Be sure to go soon-- it closes for the winter in mid-December!

Saturday, October 27, 2007

Anniversary Dinner

One of my friends recently asked me for advice on where to go for her anniversary dinner:

“Hi Juree, You've been a constant source of never fail restaurant suggestions for me - most recently your pick of Home restaurant in the village was superb! We devoured the salami and cheese appetizer and very nearly ordered a second one. We figured we should give the entrees a fair shot too. An all around good pick.
So here's my new challenge for you: my boyfriend and I have a one-year anniversary coming up. What's a good romantic place to celebrate a big occasion, but that won't leave us broke for the next year to come?”

I have the added benefit of knowing what Meredith’s general tastes and predispositions are (like not being willing to go to Brooklyn!), but for anyone else interested in a recommendation, please write a few more details about what you are looking to spend, what atmosphere you want, etc.

That being said, I have a couple of places that I thought Meredith would love.

First, I do have to mention The Little Owl again—A romantic restaurant if there ever was one. Tiny, wonderful lighting, and the food is incredible and nuanced American Mediterranean. You should definitely start with the Meatball Sliders appetizer—they are sweet, savory and a great starter for meat lovers. The last time I went I ordered the pork chop with parmesan butter beans and wild dandelion and it was one of the most delicious pieces of pork I have had this year!

Be sure to make reservations as soon as possible—because it is so small, it can be hard to get in.

90 Bedford St at Grove St, 212-741-4695

Gramercy Tavern—I just went here for the first time in many years and I will definitely be posting on it soon. It is a stellar restaurant and certainly deserves all of the accolades it receives year after year. The key to not breaking the bank is to make reservations at the tavern, not in the dining room. Nothing on the tavern’s menu is over $22, with the majority of the entrees under $20. The corn soup with oyster mushrooms and bacon is simply amazing—you may want to bathe in it, it is that good. The stuffed meatball with Fontina cheese, potato purée and onion marmalade is also delicious, but you really can’t go wrong here. It is elegant and cozy at the same time and represents what is best about classic New York restaurants.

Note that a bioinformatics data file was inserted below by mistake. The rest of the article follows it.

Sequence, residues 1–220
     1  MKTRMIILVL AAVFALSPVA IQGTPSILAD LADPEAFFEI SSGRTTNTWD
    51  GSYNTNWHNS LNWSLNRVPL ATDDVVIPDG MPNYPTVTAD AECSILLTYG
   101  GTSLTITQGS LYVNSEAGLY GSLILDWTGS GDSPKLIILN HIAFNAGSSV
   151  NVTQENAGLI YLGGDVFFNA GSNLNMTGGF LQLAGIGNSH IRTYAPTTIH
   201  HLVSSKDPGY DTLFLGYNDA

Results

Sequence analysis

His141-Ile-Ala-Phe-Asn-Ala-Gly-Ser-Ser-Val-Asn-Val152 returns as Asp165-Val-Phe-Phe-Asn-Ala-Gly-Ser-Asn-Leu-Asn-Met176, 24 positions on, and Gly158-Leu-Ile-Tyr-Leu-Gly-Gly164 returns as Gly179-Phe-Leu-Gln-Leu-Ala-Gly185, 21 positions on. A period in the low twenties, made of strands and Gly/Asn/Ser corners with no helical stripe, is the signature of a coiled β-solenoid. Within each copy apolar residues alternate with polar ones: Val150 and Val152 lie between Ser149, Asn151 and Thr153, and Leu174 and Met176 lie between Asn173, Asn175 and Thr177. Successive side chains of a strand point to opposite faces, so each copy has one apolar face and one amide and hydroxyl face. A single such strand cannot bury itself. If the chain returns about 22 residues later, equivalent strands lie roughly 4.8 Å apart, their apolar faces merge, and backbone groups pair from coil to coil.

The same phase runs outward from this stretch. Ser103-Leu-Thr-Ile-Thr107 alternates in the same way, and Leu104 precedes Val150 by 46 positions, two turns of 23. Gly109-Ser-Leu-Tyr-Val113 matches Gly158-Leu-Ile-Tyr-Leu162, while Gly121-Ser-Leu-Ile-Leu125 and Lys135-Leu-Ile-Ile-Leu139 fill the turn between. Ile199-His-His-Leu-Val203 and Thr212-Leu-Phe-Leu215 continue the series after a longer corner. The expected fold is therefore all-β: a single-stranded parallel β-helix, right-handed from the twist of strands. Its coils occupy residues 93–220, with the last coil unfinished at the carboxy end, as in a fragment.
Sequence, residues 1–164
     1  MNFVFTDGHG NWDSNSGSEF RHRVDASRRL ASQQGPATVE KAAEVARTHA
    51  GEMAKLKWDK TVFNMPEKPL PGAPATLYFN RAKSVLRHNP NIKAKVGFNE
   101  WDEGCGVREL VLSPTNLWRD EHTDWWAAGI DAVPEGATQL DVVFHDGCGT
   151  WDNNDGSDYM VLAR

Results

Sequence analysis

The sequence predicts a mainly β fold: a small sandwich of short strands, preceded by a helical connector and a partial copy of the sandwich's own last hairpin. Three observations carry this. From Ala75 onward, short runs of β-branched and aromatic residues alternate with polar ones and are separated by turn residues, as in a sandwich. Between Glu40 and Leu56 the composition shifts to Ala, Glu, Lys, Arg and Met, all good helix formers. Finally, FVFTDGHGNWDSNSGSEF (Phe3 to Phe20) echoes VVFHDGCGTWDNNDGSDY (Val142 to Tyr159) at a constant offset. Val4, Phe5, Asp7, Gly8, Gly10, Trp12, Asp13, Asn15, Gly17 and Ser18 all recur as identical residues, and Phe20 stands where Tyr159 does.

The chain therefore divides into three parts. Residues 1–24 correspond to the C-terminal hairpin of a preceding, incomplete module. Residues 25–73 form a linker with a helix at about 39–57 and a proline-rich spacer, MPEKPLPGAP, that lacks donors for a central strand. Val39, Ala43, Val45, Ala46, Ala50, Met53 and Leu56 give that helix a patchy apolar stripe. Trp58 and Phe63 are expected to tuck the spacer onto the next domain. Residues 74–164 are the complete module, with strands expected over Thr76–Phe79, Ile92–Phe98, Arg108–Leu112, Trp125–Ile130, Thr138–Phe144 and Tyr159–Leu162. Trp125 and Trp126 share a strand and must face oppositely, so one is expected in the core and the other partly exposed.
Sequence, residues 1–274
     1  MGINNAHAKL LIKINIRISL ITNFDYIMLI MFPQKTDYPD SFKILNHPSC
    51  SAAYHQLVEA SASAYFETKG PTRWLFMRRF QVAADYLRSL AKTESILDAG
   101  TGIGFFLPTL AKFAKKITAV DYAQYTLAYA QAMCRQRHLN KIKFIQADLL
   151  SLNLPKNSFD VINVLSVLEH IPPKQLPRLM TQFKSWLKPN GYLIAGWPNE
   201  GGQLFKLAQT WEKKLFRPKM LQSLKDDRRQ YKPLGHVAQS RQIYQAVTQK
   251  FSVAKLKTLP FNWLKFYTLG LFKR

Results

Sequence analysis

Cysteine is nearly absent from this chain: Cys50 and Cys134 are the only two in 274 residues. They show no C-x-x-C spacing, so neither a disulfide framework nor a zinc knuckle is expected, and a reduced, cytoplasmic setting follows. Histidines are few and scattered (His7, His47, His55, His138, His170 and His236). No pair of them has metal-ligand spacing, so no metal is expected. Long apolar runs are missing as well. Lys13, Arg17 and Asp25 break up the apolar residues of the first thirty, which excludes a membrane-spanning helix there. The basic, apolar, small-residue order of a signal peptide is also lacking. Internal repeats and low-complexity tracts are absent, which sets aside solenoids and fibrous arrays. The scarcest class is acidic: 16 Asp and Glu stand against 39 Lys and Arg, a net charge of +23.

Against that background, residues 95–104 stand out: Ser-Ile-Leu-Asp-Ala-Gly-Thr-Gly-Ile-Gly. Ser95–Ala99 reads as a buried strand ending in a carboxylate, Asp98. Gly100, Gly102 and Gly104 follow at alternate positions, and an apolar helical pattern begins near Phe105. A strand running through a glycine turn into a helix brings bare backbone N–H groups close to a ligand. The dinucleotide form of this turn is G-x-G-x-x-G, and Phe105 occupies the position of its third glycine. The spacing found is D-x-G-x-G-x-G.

42 E 20th St, between Bway & Park Ave S, 212-477-0777

Knowing that Meredith and her boyfriend are big meat eaters, I was tempted to recommend one of the old-school NYC steakhouses, like Sparks or Keens, for them to try, but I think something a little more unique is in order here. Now I have not actually been to this restaurant, but it has been on my list for months now. Resto is a classic Belgian bistro and it looks fantastic. It is all about meat (and perhaps some beer for Steve and wine for Meredith)—and fun. You should definitely check out Frank Bruni’s review here and know that if you do go, this will be much more on the “fun, raucous” side than a classically romantic restaurant like the previous two suggestions. They don’t take reservations, but it should not be a problem if you arrive by 6 -7 pm.

111 E 29th St, At Park & Lexington Ave, 212-685-5585

I can’t wait to hear what Meredith decides upon !

Sunday, October 21, 2007

For the Love of Pickles